Comparison of the Years Ended December 31, 2010 and 2009

Net income. Net income of $5.7 million was reported for the year ended December 31, 2010, resulting in diluted earnings per share of $0.44. This net income includes an after-tax charge related to derivatives of approximately $70 thousand. The net income of $1.0 million for the year ended December 31, 2009 reflects an after-tax charge related to derivatives of approximately $1.2 million.

Excluding the impact of the after-tax charges related to derivatives of $70 thousand and $1.2 million for the years ended December 31, 2010 and 2009, respectively, adjusted net income for the year ended December 31, 2010 would have been $5.7 million, or $0.44 adjusted diluted earnings per share, compared to $2.2 million, or $0.18 adjusted diluted earnings per share for the year ended December 31, 2009. The exclusion of the impact on derivatives removes the volatility resulting from derivatives activities subsequent to discontinuing hedge accounting in July 2008.

Excluding the after-tax impact on derivatives identified above, return on average assets was 1.15% for the year ended December 31, 2010, compared to a return of 0.32% for the year ended December 31, 2009. On the same basis, return on average equity was 3.76% for the year ended December 31, 2010, compared to a return of 1.51% for the year ended December 31, 2009.

The provision for credit losses decreased $17.8 million, or 65.4%, to $9.4 million for the year ended December 31, 2010 from $27.2 million for the year ended December 31, 2009, primarily due to lower charge-offs, a reduced portfolio size and improved delinquencies. For the year ended December 31, 2010 compared to the year ended December 31, 2009, net interest and fee income decreased $10.4 million, or 18.5%, primarily due to a 30.3% decrease in average total finance receivables. Other expenses increased $1.0 million, or 3.1%, for the year ended December 31, 2010 compared to the year ended December 31, 2009, primarily due to increased salaries and benefits expense related to increased sales staffing levels.

Overall, our average net investment in total finance receivables for the year ended December 31, 2010 decreased 30.3% to $389.0 million compared to $558.3 million for the year ended December 31, 2009. Although we continue to adjust our credit underwriting guidelines in response to current economic conditions, we have begun rebuilding the sales organization to increase originations.

During the year ended December 31, 2010, we generated 12,407 new leases with a cost of $134.0 million compared to 9,763 new leases with a cost of $88.9 million generated for the year ended December 31, 2009. Much of the change in volume is the result of increasing sales staffing levels from 38 sales account executives at December 31, 2009 to 87 sales account executives at December 31, 2010. Approval rates also rose from 40% for the year ended December 31, 2009 to 50% for the year ended December 31, 2010 due to the improved credit quality of the applications received.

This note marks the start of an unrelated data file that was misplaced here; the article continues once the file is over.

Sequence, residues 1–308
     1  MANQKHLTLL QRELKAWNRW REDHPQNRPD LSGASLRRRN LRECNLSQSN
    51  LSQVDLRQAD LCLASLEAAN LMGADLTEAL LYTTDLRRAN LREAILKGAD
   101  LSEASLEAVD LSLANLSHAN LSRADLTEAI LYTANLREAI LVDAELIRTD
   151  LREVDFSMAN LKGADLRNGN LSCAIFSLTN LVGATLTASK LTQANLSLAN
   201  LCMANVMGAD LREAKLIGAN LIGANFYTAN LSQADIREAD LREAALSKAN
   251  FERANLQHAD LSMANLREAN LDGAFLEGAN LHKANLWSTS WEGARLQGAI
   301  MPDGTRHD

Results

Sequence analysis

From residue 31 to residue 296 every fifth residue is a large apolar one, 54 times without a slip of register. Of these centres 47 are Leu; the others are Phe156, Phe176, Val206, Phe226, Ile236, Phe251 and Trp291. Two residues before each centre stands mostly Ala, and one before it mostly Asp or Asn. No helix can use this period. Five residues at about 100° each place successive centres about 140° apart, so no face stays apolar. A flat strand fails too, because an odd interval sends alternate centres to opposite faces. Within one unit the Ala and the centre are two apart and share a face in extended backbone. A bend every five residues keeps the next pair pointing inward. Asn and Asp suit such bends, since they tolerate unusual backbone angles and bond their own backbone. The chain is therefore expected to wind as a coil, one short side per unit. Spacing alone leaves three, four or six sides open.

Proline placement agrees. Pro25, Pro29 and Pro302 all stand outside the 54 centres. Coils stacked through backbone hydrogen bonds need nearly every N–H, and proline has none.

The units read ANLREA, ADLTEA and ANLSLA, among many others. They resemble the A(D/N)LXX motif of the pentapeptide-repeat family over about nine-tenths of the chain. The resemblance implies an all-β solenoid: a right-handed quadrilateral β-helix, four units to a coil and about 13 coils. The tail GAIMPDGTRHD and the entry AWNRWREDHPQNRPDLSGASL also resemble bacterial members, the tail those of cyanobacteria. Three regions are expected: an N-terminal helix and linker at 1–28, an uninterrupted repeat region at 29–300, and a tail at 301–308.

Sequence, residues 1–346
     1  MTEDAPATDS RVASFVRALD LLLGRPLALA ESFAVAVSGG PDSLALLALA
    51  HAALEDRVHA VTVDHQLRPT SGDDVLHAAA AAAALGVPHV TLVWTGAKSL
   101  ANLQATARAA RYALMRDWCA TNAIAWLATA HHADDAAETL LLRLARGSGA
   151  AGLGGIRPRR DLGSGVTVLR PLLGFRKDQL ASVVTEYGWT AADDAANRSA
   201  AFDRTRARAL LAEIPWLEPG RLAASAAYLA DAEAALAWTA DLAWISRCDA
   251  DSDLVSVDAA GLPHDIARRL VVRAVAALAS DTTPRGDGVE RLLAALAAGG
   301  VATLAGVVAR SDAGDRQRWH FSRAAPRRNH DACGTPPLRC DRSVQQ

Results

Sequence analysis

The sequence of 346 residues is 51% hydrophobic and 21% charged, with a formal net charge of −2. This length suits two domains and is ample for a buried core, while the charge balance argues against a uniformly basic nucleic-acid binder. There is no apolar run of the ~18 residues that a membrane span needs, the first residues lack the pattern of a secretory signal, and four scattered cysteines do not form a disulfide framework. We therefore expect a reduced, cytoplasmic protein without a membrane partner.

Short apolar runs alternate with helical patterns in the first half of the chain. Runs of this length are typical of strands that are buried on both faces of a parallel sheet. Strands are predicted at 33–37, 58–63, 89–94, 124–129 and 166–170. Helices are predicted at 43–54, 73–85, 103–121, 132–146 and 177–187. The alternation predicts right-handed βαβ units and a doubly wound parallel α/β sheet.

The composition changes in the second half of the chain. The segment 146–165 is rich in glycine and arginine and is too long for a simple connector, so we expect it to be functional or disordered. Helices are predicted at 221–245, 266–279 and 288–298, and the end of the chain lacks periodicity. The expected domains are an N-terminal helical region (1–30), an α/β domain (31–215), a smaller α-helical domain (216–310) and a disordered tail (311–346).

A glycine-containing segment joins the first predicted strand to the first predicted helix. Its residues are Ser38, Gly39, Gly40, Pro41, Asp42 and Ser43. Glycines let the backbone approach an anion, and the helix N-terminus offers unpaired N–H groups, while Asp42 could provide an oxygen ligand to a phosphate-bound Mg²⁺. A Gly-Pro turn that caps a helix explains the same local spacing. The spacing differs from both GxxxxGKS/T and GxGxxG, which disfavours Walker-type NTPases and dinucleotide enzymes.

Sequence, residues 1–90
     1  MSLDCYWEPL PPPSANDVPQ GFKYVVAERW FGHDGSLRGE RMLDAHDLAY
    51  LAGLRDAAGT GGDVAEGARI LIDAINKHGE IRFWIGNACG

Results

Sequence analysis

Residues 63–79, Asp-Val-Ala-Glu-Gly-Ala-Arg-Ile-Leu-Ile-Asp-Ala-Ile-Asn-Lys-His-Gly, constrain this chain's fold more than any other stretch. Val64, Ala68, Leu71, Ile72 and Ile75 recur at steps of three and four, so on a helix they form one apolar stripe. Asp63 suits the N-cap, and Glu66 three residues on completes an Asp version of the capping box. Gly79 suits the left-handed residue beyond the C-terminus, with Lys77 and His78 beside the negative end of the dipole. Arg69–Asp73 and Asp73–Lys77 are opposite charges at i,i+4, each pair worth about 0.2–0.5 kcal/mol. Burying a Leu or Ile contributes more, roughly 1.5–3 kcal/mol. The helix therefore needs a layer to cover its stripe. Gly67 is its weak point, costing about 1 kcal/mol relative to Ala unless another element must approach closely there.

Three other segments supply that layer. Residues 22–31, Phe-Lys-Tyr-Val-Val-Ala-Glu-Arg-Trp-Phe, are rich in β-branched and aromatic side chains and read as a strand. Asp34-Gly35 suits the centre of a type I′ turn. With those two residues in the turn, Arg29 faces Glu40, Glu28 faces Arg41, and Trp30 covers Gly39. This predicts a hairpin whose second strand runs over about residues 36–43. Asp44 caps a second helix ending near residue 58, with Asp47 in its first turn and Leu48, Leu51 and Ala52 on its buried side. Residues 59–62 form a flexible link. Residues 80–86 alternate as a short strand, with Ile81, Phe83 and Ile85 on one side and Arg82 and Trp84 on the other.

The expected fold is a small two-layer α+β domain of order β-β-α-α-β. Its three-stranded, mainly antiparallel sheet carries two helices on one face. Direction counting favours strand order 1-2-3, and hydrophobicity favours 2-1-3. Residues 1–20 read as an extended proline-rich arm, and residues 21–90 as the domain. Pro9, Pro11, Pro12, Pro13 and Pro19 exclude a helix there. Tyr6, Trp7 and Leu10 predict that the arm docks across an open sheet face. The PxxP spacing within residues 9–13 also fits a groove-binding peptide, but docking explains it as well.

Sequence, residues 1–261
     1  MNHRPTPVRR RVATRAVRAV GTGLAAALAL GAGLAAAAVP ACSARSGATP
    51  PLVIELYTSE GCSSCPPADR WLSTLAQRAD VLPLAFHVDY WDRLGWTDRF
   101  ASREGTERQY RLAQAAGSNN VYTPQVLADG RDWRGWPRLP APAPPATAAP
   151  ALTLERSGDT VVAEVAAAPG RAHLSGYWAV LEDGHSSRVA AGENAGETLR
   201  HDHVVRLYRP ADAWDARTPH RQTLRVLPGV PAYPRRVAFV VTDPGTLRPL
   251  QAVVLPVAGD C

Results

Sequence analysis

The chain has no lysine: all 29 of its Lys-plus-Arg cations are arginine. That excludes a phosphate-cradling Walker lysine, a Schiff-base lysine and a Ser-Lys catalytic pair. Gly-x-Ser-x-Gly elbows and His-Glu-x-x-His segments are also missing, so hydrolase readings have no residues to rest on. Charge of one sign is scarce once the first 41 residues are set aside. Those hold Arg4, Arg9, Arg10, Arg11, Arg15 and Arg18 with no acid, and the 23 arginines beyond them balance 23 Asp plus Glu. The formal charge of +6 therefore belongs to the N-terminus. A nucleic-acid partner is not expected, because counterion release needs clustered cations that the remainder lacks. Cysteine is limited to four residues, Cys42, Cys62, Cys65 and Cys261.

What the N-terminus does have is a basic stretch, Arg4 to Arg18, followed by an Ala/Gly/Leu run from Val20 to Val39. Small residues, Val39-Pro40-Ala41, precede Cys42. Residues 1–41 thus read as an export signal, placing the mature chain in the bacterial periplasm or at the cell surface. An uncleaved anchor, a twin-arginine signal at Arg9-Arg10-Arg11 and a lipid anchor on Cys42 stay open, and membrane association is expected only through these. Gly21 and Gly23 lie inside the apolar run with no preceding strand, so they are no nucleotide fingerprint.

-42-


Average balances and net interest margin. The following table summarizes the Company’s average balances, interest income, interest expense and average yields and rates on major categories of interest-earning assets and interest-bearing liabilities for the years ended December 31, 2010 and 2009.

 

     Year Ended December 31,  
     2010      2009  
     (Dollars in thousands)  
     Average
Balance(1)
    Interest      Average
Yields/
Rates
    Average
Balance(1)
    Interest      Average
Yields/
Rates
 

Interest-earning assets:

              

Interest-earning deposits with banks

   $ 38,882      $ 45        0.12   $ 47,240      $ 123        0.26

Restricted interest-earning deposits with banks

     59,308        67        0.11        66,310        289        0.44   

Securities available for sale

     1,087        39        3.58        —          —           —     

Net investment in leases(2)

     386,625        46,872        12.12        550,160        64,650        11.75   

Loans receivable(2)

     2,376        273        11.51        8,151        977        11.99   
  

 

 

   

 

 

      

 

 

   

 

 

    

Total interest-earning assets

     488,278        47,296        9.68        671,861        66,039        9.83   
  

 

 

   

 

 

      

 

 

   

 

 

    

Non-interest-earning assets:

              

Cash and due from banks

     1,605             2,618        

Property and equipment, net

     2,183             2,777        

Property tax receivables